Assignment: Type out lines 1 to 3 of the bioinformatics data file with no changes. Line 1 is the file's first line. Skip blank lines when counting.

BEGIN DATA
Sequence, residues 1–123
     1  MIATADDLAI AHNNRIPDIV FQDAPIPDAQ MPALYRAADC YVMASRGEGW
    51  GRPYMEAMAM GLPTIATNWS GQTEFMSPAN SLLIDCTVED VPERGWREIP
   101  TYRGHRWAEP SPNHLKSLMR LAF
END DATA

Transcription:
Sequence, residues 1–123
     1  MIATADDLAI AHNNRIPDIV FQDAPIPDAQ MPALYRAADC YVMASRGEGW
    51  GRPYMEAMAM GLPTIATNWS GQTEFMSPAN SLLIDCTVED VPERGWREIP